Shawanda February 23, 2012 at 5:38 PM

I hope so too. I had another friend make a similar mistake. She didn't quite hate her job, but she was grossly overpaid for it. The founder and president of the company she worked for was a fraud who led a Ponzi scheme. The company was shut down, she lost her job and spent well over a year unemployed. I don't think she ever found another job that paid what she was being paid at her previous employer.


Shay K February 16, 2012 at 12:09 PM

That's my question of the day: How do you transition into work that you love when that could mean taking a serious pay cut? I live well below my means, but I'm really more concerned about not being able to save the way I would like to.


Shawanda February 23, 2012 at 5:45 PM

You could do the work you love during your free time until you build up enough income to replace the income generated from your day job. This often requires a LOT of work and will likely take longer than dedicating 100% of your working hours to your passion. But if working 80 hours a week is unappealing to you, you'll probably take a serious pay cut when you swap the work you hated that paid the bills with the work you love that pays hardly anything. I see the decline in income as temporary. Ultimately, I expect the income from my "dream job" to greatly surpass that of my old job.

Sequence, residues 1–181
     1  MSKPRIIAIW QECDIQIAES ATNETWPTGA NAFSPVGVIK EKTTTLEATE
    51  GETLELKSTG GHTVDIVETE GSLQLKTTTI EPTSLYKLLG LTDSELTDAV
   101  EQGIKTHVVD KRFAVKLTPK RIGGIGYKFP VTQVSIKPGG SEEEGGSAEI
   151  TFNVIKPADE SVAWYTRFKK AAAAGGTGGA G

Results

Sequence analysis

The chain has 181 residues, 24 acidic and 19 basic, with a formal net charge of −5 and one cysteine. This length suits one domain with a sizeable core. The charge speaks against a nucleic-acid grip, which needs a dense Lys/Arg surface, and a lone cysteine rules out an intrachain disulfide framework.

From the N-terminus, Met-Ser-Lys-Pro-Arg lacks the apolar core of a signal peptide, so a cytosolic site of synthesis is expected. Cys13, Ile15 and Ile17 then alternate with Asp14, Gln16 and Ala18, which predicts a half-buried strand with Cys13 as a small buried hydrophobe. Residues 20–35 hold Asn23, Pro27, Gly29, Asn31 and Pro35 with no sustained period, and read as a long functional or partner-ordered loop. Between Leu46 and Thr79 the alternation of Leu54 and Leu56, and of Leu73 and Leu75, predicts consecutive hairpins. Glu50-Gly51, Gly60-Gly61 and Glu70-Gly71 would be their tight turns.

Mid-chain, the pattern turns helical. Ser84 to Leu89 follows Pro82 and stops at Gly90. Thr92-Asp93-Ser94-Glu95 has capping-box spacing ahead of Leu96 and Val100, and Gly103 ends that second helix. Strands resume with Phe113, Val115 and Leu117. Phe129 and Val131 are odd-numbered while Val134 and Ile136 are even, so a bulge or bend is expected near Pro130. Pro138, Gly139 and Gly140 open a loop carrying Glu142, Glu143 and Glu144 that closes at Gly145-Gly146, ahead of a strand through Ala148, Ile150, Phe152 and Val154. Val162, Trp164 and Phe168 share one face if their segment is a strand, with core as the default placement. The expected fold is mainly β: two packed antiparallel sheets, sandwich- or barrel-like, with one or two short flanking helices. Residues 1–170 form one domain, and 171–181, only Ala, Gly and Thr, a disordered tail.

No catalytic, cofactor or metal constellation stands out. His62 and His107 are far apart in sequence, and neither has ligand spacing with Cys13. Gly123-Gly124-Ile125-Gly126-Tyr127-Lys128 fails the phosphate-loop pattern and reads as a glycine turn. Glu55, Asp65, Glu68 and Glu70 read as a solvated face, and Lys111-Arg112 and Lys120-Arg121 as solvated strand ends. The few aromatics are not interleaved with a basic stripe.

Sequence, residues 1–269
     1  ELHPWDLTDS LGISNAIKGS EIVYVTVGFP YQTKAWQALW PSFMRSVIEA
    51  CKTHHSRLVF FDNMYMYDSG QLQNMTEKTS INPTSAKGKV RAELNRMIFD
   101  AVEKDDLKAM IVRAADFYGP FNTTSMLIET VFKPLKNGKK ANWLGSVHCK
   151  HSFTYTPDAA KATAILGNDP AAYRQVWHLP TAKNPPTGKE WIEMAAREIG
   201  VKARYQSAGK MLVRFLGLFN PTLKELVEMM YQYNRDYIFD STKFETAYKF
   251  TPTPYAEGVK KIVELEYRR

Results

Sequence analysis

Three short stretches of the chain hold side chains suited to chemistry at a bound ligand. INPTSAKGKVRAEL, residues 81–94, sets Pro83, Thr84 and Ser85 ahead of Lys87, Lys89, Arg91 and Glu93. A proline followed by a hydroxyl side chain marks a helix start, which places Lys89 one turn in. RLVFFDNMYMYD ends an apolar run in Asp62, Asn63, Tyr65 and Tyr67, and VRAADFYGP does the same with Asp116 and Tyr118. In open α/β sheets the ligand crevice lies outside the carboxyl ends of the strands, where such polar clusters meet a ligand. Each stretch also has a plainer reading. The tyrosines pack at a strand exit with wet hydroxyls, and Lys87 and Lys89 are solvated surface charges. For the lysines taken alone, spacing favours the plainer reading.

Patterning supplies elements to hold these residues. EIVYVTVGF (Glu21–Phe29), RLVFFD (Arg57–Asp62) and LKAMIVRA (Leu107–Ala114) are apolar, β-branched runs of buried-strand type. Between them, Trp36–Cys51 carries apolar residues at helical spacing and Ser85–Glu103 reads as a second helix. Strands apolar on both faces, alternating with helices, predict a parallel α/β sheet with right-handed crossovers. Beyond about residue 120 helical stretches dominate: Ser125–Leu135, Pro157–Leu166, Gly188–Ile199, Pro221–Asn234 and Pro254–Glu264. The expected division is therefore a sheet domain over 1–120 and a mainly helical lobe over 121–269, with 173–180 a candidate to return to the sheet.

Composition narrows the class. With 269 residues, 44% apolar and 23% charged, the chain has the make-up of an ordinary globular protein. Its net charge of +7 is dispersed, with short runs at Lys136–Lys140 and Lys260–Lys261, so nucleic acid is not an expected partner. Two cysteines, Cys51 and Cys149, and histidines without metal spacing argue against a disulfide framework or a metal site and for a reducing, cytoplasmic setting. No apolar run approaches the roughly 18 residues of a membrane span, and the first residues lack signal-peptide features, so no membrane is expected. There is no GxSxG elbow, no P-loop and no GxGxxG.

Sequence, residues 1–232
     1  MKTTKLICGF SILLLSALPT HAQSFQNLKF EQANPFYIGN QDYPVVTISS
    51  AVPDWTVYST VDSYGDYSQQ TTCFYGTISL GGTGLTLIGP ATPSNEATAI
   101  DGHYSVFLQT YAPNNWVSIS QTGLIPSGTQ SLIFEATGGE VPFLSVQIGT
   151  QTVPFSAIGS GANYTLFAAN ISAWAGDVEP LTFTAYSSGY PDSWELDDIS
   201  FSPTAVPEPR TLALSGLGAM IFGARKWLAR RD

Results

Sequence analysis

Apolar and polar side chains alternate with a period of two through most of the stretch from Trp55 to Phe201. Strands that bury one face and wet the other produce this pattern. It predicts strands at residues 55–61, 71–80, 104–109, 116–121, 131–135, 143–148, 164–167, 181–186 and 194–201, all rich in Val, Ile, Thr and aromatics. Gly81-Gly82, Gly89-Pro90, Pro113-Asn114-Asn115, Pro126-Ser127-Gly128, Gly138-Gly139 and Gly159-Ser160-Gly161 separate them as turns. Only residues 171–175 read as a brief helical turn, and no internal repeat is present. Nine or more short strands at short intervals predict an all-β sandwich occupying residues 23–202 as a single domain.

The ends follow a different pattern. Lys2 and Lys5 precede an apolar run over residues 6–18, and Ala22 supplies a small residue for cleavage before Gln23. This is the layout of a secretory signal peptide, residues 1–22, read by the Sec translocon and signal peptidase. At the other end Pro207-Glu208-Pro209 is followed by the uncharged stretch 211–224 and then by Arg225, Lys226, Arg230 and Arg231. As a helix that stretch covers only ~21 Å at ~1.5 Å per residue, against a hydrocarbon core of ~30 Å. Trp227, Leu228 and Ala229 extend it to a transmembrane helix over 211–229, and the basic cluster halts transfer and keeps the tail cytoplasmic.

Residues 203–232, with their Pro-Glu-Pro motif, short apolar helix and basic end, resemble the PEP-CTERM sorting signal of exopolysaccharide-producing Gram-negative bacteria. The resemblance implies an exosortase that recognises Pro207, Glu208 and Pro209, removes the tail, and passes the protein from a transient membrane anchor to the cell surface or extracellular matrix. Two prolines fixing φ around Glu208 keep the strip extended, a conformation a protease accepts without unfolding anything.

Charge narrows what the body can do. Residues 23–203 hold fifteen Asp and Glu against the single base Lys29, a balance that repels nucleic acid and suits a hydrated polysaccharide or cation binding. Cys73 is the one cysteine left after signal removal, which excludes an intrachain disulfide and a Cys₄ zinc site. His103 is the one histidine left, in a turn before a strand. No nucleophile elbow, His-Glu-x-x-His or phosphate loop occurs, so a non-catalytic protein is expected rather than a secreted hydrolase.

Ella February 27, 2012 at 4:51 AM

The live below your means advice is so important! I wish I ah learned to save money earlier….


Shy February 29, 2012 at 9:37 PM

Hi, Shawanda. Thanks for sharing this. I also aim for financial freedom and achieving this goal is a great struggle but I know that everything is worth it in the end. I always allocate for my savings first before I work on my expenses.


Mae February 29, 2012 at 10:26 PM

How wonderful it would be if we grow old and have enough money to enjoy life. I give importance to the value of savings. And as much as I can, I look for more ways to earn. I don't just depend on one source of income.


Margaret April 3, 2012 at 7:44 PM

Good financial management is essential to achieve financial freedom. It has been hard for me to discipline my spending but I have taken financial literacy courses to help me out.